This article brings me to the third leg of my anguish relative to photography, and that is which camera(s) do I need or would I like to use? While it depends on what I’m photographing, I prefer certain cameras and lenses for their ease of use with my hands & eyes, crop-ability, image quality, etc. so I am always looking for a balance between what I photograph and what cameras work best for me.
In the past year I used a Pentax K-1 full frame camera as well as several different Fujifilm cameras and lots of lenses and different waterproof pocket cameras in order to better handle the lighting conditions while photographing various Homewood events and activities and landscape. I then sold all of them and went back to Olympus micro 4/3 cameras with fewer lenses. I did this because I was having trouble with my hands and back when using the larger heavier gear, and thought I could get by with less and it would help. I found that I could accomplish all that I needed with micro 4/3 gear when it came to getting suitable images for Homewood uses. Mainly the reason I could do this was because of my use of LR improvements as well as my skills to process the images. I have still been looking to see if there is another camera that I would rather use for some of my personal photography. I would like something simpler and better engineered that was more of a joy to use.
Now that I have been using an Olympus TG-6 camera to make images (like for the above photograph with no processing other than perspective straightening), I have been finding that it really helps with my hands, especially in colder wetter weather conditions and that it is convenient to carry in my pocket. I am also finding that I can do quite a lot with this camera even though it is just a small pocket camera with a 1/2.3 size 12MP sensor. Some of my processing changes have helped with my ability to make the images that you have been seeing in my posts lately.
I have been getting very comfortable with just using the TG-6. I am sure that if I were to travel by air again that it is all that I would take and use due to its size and ruggedness. The main shortcomings, if you wish to think of them that way, are the lack of shutter control and the need to use very slow shutter speeds in darker lighting conditions, and the lack of a viewfinder. The impact of no shutter control means that I need to take pictures of things that aren’t moving in low light. The lack of an EVF is amplified because I have switched to transitions eyeglasses and they turn dark in bright sun when it is most difficult to see the LCD when composing. Fortunately, I can see well enough if I take my glasses off to help see the composition and the LCD of the TG-6 is better than on the TG-5. I have also increased the brightness of the LCD. Sometimes, the limitations of only having an effective maximum focal length of 100mm can be a problem, but not one I’m usually facing in my personal photography.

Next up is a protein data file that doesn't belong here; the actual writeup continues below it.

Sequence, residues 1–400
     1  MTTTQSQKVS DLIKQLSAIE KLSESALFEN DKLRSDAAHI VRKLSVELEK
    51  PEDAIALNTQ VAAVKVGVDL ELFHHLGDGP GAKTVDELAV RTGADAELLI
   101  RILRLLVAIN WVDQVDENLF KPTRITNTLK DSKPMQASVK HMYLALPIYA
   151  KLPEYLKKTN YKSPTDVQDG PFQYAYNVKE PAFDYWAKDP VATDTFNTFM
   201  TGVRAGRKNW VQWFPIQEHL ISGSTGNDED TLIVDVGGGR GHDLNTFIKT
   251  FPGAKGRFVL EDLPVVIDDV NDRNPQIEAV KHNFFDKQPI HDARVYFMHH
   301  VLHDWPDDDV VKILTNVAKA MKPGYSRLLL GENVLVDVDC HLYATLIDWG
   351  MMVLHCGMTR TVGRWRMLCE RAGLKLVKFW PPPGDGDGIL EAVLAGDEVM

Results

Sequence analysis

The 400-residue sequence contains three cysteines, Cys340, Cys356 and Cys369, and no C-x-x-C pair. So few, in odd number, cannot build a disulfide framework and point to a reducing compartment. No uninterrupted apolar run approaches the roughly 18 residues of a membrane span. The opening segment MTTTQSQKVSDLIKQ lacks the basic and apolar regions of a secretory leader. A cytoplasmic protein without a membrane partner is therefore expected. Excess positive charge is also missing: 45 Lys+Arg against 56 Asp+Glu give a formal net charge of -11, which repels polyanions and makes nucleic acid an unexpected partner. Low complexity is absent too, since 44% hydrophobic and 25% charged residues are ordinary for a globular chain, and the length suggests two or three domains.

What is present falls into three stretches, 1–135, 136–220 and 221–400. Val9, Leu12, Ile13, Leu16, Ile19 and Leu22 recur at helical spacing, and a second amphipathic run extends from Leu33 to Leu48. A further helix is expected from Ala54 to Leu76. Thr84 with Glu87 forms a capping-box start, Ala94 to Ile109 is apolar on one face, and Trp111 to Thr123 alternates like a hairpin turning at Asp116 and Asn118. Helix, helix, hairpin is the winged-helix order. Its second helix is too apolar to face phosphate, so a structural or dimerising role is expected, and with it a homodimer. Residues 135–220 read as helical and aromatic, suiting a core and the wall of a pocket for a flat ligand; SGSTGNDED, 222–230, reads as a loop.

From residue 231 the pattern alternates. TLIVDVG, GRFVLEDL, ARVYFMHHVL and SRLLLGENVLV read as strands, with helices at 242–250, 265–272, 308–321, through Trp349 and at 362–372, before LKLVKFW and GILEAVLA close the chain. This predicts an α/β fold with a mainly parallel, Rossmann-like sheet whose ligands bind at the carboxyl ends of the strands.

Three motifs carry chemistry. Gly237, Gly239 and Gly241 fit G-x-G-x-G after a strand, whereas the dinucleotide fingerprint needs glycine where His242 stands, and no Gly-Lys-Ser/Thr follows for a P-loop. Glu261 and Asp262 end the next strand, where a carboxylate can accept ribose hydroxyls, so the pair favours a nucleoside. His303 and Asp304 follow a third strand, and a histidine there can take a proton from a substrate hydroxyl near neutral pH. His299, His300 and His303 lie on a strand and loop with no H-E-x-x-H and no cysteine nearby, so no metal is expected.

I have even found myself thinking about “what if the TG-6 was my only camera?” I’m sure that would limit my Homewood photography, but not all of it. It is something that I will continue to experiment with for a while. Who knows, it may be my next big step towards simplifying and reducing the “stuff” in my life. I have been exploring this idea and watching what Adrian has been doing with his photography as he has been using smaller one-inch sensor cameras. If for whatever reason I stopped with my Homewood photography, I would probably reduce my gear down to just the TG-6 and/or a camera like the new Fuji X100V. I like challenges and I find the concept of using less very intriguing, but there are still times when I would like a larger sensor and a faster lens to reduce depth of field.
As I have written in these last three posts, I am undergoing a lot of anguish and I intend to keep exploring and making more changes. I haven’t made a decision yet, and indeed I probably do not want to make a decision relative to cameras yet since that would give me less to think about, but I do want to be prepared to take the next step if/when necessary.
I am probably closer to making changes in my subject material and processing, etc. than I am with cameras. We will need to wait and see how that goes as I keep exploring and discussing things with my friends, and even maybe trying some other cameras, something more capable than the TG-6. I would still like a more capable camera with higher quality images that is better engineered and more of a joy to use; but first I need to figure out what I want to photograph and can’t make with what I own.
The whole time I have been pursuing photography I have been dithering with whether I am more interested in the gear, cameras and lenses, than I am with making images. I would like to stop this dithering and concentrate on what my intent, or purpose, or primary interest is in making images, but I find that to be difficult.